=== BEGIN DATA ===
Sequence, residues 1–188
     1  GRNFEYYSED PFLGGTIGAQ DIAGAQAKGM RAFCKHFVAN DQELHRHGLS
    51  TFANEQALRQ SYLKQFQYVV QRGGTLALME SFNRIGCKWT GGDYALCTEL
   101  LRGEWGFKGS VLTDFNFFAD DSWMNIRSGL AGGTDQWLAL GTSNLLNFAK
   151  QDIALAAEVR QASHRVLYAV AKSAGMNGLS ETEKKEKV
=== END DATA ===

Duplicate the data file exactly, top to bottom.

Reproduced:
Sequence, residues 1–188
     1  GRNFEYYSED PFLGGTIGAQ DIAGAQAKGM RAFCKHFVAN DQELHRHGLS
    51  TFANEQALRQ SYLKQFQYVV QRGGTLALME SFNRIGCKWT GGDYALCTEL
   101  LRGEWGFKGS VLTDFNFFAD DSWMNIRSGL AGGTDQWLAL GTSNLLNFAK
   151  QDIALAAEVR QASHRVLYAV AKSAGMNGLS ETEKKEKV